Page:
As with most aquarium plants, bacopa is usually grown out of water at plant farms. When you place it underwater, the top will start producing submerse-grown plants, and the emersed leaves below will die. You will notice the bottom half the stem becomes bare and skinny. If this happens, you can simply snip the tops of the stem to make a larger plant. That’s also how you propagate bacopa – as the plant grows taller and taller, just cut off the tops and plant them in a new location.
6. Christmas Moss
Get some Christmas moss if you are setting up a breeding aquarium. Their fluffy fronds look like little Christmas trees and provide excellent cover for baby fish and shrimp. Aquascapers attach them to rocks or driftwood to create the appearance of a moss-covered forest. In order to keep this slow-growing moss looking its best, invest in small algae eaters like amano shrimp and dose some liquid fertilizer to boost its growth.
Want to make your aquarium look like an underwater jungle with very little effort? One plant is all you need – vallisneria. This tall grass-like species can be grown if you give it plenty of root tabs. Once established, you can add fish that are known to dig up and eat plants (such as African cichlids and goldfish) to your aquarium. Check out our vallisneria care sheet here.
8. Java Fern
Both java moss and java fern get their names from the Indonesian island of Java, and while both are very easy to care for, they are quite different in appearance. There are many varieties of Java Fern, such as the narrow leaf, Windelov (or lance) and the trident, but the most well-known type has long, pointed, deeply ridged leaves. Its roots and leaves sprout from the Rhizome, which is a thick horizontal stem or stalk. However, it is important to not plant the Rhizome in the substrate. Instead, most people wedge the plant into the crevices of rocks and wood, and the roots eventually grow tightly around it. For a secure plant, you can also use super glue gel or sewing thread. Follow this article to see step-by-step instructions.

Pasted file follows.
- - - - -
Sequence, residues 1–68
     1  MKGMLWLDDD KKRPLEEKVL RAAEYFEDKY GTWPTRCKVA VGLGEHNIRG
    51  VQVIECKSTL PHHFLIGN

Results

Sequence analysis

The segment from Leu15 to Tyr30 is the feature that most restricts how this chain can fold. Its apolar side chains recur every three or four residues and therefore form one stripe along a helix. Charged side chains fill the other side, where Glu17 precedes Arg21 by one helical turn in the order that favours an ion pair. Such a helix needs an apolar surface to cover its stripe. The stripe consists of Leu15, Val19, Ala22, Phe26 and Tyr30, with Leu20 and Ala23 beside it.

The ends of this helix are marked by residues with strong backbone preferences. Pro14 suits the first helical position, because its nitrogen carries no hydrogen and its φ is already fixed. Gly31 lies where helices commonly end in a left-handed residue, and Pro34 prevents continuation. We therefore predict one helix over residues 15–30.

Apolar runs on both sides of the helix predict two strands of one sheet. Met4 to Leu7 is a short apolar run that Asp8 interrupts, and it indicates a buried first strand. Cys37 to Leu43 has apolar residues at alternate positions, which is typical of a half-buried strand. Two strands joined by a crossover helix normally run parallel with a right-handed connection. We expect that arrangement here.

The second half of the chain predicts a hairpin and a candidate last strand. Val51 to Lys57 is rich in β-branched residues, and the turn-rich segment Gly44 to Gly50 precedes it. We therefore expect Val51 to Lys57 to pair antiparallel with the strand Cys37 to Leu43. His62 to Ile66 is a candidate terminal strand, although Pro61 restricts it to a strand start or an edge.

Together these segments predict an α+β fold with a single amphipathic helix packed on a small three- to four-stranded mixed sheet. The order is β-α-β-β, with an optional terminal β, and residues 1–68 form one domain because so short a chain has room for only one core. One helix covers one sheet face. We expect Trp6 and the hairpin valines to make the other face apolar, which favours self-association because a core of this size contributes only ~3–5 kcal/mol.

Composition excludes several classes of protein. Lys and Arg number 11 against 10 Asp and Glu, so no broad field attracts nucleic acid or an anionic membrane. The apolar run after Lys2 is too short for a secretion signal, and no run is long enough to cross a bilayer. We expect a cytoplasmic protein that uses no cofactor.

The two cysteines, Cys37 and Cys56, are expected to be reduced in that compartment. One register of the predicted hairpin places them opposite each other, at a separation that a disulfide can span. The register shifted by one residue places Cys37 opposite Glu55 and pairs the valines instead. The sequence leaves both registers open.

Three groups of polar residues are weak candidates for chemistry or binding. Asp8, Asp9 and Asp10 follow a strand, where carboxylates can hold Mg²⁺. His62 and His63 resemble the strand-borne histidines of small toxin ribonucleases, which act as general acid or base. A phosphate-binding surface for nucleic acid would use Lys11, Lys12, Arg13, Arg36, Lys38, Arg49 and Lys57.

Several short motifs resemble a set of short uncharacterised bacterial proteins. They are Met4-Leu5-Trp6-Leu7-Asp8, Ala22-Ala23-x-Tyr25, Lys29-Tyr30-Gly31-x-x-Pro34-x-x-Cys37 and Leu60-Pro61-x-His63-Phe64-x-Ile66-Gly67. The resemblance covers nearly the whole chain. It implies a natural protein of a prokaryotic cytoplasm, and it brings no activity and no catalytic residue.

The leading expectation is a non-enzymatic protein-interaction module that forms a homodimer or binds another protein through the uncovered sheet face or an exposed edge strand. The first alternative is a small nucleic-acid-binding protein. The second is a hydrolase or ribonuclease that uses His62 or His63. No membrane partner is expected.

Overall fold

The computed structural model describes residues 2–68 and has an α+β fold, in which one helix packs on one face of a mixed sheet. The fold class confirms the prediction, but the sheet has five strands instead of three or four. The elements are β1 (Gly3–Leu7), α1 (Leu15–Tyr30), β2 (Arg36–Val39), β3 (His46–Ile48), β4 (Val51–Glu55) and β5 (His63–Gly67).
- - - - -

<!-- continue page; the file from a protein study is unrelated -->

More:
Windelov java fern
Since the roots do not need to be planted into substrate, it mostly absorbs nutrients from liquid fertilizers in the water column. It can be propagated by either cutting it in half or letting one leaf float on the surface. Soon the rows of black spots (known as sporangia) on the leaf will develop into baby plantlets with their own tiny leaves and roots. These plantlets can eventually be detached and planted elsewhere in the aquarium. You can read our complete java fern care guide right here.
9. Cryptocoryne lutea
Cryptocorynes are so easy to use and beginners-friendly, that we added another one to our collection. This species, unlike crypt wendtii has slim, green leaves which add texture and variety to your aquarium. Like most crypts, you can use almost any substrate and any light to make them happy, and no CO2 injection is needed. In general, crypts grow slowly, but give it three months from the day you put them in your aquarium and it’ll soon become one of your favorites. While crypts require more frequent pruning than plants that grow faster, they can last for many years without needing any extra care other than the occasional root tab. For more details, check out our dedicated article on them here.
10. Dwarf Sagittaria
Do you need a simple carpeting plant for your aquascape? The dwarf sagittaria, a grass-like, hardy plant that looks almost like a miniature vallisneria, is very hardy. If you use high light, it stays short and small, but if you use low light, it grows pretty tall to get closer to the light. It can take both liquid fertilizers in water column and root tabs. Dwarf sag can easily spread by sending runners through the substrate. If it spreads to an unwanted area of the tank, just pull out the new shoots and replant them elsewhere.
This curated selection of beginner-friendly plants will give you the best chance for success with your new aquarium.
For any reason you don’t see healthy growth, please consult our free guide on plant nutrient deficiencies.